By Brad Tuttle
February 13, 2017

Almost exactly one year ago, Universal Studios bumped up theme park prices a few bucks, resulting in children’s one-day admissions hitting the $100 mark for the first time. Disney followed suit by increasing park prices a couple weeks later in February—one year after the previous previous price hike was added, like clockwork.

Disney has beaten Universal Studios to the punch in 2017 by quietly increasing prices on Sunday. In most cases, one-day adult tickets are now $5 more expensive. Disney parks use a variable-pricing scheme, in which admissions to EPCOT, Animal Kingdom, or Hollywood Studios in Orlando had been priced at $97 during off-peak midweek times, $102 during mid-tier periods, and $114 for peak times. As of Sunday, these tickets cost $99, $107, and $119.

Magic Kingdom admissions are higher too, now running $107, $115, and $124 for one-day passes. And visitors to Disneyland in California face higher prices as well: $97, $110, or $124 (up from $95, $105, or $119). All of the prices listed are for adults; admission for kids ages 3 to 9 is generally a few bucks less, but their tickets have been hit with price increases similar to adults.

Interestingly, on the same day regular admissions prices increased, Disney added a $20 online discount for passes of three days or more. As the industry publication ThemeParkInsider.com noted, two-day pass prices at Walt Disney World in Florida actually decreased as well, from $202 to $199. What this tweaked price structuring shows is that Disney wants to encourage guests to linger around the parks longer. When they do so, after all, they’re far more likely to spend extra money on (Disney-owned) hotels, restaurants, and gift shops.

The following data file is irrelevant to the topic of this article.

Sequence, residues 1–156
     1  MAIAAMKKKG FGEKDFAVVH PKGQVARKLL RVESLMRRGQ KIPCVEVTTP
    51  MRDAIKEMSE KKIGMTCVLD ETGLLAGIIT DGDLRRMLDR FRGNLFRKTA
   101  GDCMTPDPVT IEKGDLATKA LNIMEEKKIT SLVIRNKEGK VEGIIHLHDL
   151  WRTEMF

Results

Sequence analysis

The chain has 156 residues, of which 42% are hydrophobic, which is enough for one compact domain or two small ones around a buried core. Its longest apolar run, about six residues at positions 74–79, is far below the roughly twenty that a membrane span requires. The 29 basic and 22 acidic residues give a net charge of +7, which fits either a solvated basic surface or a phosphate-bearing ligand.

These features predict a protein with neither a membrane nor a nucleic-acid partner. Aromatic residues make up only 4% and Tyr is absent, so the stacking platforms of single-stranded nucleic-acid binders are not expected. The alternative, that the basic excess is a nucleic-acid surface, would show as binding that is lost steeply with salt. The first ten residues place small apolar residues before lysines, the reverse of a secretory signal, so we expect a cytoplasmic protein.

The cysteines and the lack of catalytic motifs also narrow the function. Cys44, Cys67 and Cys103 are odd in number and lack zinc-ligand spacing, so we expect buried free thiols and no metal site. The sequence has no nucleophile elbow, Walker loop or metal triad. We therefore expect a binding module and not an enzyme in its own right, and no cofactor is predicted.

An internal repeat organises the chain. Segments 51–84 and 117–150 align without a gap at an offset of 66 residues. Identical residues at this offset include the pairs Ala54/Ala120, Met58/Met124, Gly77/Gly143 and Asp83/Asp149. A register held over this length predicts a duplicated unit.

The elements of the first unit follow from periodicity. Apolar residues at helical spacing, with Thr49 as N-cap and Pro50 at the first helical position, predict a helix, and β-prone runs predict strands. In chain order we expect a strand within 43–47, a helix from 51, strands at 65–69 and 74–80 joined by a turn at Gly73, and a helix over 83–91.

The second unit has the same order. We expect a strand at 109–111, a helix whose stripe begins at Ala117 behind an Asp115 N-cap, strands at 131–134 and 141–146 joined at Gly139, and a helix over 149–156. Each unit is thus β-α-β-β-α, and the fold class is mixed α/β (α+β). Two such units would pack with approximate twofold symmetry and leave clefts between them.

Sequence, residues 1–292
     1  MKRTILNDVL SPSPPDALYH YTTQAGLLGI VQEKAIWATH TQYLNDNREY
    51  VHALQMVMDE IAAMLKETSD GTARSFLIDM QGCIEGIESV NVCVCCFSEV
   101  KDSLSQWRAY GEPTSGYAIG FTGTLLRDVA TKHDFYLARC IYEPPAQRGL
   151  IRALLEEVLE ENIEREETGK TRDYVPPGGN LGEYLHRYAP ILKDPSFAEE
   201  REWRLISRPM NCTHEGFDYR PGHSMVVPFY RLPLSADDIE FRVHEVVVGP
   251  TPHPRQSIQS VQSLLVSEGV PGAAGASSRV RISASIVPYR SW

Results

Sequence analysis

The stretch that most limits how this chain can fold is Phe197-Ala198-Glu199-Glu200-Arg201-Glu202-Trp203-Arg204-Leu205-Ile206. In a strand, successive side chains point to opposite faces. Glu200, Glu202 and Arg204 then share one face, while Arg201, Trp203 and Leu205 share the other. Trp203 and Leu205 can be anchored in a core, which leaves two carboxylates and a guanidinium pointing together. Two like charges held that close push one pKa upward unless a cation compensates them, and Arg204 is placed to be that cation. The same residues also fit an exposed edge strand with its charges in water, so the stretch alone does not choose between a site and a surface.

In other words, if you “save” money by buying a multi-day theme park pass, you may not be saving at all—because, odds are, you’ll wind up spending more cash out of pocket overall. What’s more, as we pointed out last year when Disney introduced variable pricing, all of the low-price admission days are when kids are in school. So the only way families can take advantage of the cheaper prices is by allowing children to play hooky.

The Orlando Sentinel reported that Disney’s domestic theme park attendance fell 1% in 2016. Bob Boyd, an analyst with Pacific Asset Management, told the Sentinel that he wouldn’t be surprised if the company’s annual price hike tradition will end or be scaled back in the future. “We believe it’s going to become increasingly difficult for Disney to continue raising theme-park prices,” he said.

On the other hand, in online forums, some Disney fans regularly voice their support for higher park prices—not because they want to pay more, but because the parks are too crowded and higher costs may scare some visitors off. So there’s a justification for Disney, and Universal Studios for that matter, to keep increasing prices year after year, regardless of whether doing so hurts visitor numbers.

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